The media, the "rehab" industry and even some attorneys and politicians conflate residential treatment facilities and sober-living homes, though there is a clear distinction between them.
The recent Daily Pilot coverage of the controversies in Costa Mesa propagates the confusion. Domiciles used for any type of addiction treatment are residential treatment facilities, as defined by the state, much like nursing homes and assisted living facilities.
Operators who advertise "rehab" treatment to clients (really patients), and provide housing to them contingent on such treatment, must obtain a state license and conform to state law regarding operation of single or integrated residential treatment facilities (as has been well clarified by recent state litigation against a local operator).
Sober-living homes are a distinctly different category from residential treatment facilities. As often referred to in state and other agency publications, sober-living homes need no license, because they are meant for individuals who are recovering after acute treatment and wish to live a communal lifestyle for support of ongoing sobriety.
The intent is for those individuals to transition to a normal life in the community, residing much like any family or group of friends sharing the responsibilities of a typical household. The individuals may choose who to live with and whether to see a therapist or physician, as needed.
Sober-living households can be located in residential neighborhoods, provided they conform to local zoning rules, much like any other communal or alternative family. Reasonable accommodation to override the local neighborhood zoning can be considered for any household at the discretion of the municipality.
Municipalities have responsibility for the health and safety of all their residents and thus are responsible for proper zoning with consideration given to overcrowding, the potential for the spread of communicable disease, effects of secondhand smoke, fire and traffic dangers, etc.
Municipalities dictate residential treatment facility locations through zoning. State law overrides municipal zoning laws, distinguishing commercial-versus-residential neighborhoods in only one instance — that of a licensed residential treatment facility housing six or fewer clients (patients) being permitted in even single-family zoned neighborhoods.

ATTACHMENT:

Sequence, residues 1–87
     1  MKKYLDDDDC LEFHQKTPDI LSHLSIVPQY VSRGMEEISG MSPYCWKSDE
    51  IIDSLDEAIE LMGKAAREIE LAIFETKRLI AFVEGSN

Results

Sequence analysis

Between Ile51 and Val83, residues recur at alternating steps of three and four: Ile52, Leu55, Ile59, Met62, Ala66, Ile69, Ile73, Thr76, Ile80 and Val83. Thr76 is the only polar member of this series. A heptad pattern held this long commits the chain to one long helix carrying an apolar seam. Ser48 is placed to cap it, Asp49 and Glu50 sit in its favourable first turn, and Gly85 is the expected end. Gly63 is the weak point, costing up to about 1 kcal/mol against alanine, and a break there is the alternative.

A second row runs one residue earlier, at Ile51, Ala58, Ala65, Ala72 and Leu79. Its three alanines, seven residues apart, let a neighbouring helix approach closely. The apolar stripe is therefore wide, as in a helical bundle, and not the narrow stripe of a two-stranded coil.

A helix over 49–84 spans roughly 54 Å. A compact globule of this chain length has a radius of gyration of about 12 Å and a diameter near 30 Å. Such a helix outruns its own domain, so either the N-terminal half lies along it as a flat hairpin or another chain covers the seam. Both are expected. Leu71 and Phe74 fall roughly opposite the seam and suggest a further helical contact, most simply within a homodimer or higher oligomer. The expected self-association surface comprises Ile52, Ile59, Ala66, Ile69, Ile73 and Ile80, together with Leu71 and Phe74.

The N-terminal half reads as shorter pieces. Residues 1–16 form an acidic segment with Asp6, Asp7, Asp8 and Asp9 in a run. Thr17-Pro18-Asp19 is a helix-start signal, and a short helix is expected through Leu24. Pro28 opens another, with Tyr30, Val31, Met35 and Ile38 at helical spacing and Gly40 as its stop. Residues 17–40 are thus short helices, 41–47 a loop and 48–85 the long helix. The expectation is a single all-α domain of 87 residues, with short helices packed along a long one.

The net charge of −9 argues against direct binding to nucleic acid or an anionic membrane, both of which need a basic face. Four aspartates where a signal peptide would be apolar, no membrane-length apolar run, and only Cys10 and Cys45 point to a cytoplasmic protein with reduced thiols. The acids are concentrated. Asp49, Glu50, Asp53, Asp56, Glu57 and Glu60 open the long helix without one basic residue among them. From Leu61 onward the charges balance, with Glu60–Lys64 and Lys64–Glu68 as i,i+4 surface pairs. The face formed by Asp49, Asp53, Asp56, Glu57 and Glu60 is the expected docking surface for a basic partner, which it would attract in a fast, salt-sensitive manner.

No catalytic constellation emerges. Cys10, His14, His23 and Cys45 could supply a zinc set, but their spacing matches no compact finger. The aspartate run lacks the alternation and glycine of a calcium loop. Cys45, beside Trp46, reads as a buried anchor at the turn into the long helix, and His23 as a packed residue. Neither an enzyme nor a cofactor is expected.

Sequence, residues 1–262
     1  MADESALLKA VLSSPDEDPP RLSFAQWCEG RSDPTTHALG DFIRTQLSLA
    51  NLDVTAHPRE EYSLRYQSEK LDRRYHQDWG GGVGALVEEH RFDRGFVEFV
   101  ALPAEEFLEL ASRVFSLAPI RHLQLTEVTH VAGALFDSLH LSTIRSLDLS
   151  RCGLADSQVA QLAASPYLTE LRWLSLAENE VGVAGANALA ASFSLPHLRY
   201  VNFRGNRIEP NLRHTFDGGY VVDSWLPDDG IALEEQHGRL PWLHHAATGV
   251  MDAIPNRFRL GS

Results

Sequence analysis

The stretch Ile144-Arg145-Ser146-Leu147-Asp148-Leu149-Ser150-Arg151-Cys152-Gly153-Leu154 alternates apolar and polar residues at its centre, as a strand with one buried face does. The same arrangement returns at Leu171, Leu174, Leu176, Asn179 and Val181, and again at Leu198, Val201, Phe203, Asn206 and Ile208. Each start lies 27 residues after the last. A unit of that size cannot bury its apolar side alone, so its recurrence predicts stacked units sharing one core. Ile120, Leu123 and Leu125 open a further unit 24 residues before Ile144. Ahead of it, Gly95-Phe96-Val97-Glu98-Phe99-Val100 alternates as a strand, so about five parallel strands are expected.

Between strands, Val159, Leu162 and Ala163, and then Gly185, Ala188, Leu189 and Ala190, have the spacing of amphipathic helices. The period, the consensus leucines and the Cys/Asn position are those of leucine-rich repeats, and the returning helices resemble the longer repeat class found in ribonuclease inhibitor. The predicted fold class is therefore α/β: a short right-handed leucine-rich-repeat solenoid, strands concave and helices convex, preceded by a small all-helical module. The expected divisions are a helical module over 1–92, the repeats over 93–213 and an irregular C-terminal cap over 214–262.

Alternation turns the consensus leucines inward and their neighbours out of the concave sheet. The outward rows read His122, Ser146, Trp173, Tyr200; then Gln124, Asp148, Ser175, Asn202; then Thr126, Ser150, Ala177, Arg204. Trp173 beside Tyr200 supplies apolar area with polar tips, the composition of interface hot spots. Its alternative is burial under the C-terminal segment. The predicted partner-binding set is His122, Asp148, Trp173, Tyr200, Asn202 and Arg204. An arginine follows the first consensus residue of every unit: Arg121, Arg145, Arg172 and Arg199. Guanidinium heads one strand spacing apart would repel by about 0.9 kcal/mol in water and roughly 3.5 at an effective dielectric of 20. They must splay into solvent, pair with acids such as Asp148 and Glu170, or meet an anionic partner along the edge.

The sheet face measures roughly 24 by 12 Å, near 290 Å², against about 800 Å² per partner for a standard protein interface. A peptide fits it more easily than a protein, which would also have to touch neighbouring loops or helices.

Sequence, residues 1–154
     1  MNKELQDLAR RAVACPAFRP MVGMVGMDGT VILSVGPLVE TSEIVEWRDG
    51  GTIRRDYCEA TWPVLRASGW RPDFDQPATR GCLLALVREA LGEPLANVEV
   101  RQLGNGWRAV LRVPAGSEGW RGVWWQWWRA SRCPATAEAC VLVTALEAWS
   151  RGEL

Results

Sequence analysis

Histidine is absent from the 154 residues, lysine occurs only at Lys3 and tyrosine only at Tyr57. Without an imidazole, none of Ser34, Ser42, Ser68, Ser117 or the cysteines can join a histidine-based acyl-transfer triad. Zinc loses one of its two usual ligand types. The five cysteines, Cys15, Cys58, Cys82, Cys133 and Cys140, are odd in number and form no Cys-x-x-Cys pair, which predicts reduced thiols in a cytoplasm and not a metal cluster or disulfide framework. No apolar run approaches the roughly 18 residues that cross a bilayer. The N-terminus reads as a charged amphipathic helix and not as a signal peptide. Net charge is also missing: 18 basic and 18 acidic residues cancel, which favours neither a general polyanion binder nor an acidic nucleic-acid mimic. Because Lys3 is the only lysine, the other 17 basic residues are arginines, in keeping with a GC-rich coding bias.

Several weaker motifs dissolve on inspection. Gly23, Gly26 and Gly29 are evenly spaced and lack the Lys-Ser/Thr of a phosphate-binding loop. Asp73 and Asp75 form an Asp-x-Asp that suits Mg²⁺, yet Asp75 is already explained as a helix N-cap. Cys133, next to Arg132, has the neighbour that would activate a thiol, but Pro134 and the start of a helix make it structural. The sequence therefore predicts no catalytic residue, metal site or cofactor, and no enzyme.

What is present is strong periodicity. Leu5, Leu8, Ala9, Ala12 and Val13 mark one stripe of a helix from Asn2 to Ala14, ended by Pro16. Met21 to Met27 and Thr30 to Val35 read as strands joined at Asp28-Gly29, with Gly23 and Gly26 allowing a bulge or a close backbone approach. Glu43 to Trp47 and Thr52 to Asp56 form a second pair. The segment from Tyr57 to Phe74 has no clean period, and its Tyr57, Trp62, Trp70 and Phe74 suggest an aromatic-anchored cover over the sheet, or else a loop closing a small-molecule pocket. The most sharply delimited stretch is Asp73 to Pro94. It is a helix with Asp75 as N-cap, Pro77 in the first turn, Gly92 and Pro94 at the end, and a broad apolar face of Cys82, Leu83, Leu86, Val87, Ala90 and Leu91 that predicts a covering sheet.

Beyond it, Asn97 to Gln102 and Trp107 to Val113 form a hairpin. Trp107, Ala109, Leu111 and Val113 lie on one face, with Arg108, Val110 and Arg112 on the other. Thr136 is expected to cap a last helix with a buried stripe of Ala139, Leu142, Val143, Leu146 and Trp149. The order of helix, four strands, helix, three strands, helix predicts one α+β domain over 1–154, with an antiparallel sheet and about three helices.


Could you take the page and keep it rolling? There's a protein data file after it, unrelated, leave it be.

The U.S. Supreme Court has protected single-family zoning since 1939, presumably in order to maintain the character and integrity of neighborhoods, where residents become familiar with each other and weave a community fabric of life. What has changed is the legal definition of "family," blood relation no longer being a requirement, but the concept of a stable household as a key element in the fabric of a neighborhood remains important to society.
The incursion into neighborhoods of commercial entities such as boarding homes, vacation rentals and recently AirBnB is a challenge to the essence of a residential neighborhood and to enforcement of municipal zoning ordinances — not much different from that posed by some blatantly commercial operations of sober-living homes. These are not true households but rather examples of individuals residing under a short-term contract with little or no choice of roommates, accountability to each other or relationship to their neighbors.
Given the widespread prevalence of mental health disorders (1 in 5 Americans will have such a diagnosis this year), including addiction, the need for access to proper treatment facilities is critical and unquestioned. This need includes consideration of appropriate facilities, qualified personnel and oversight, a calming therapeutic environment, the right of privacy and tactics for the eventual transitioning of the person to a healthy community lifestyle.
As a society, we must understand the role that healthcare providers, legislators and neighbors play in the continued support of those afflicted with mental health disorders, and those in recovery, while balancing the needs of all. Proper definitions are important to such understanding.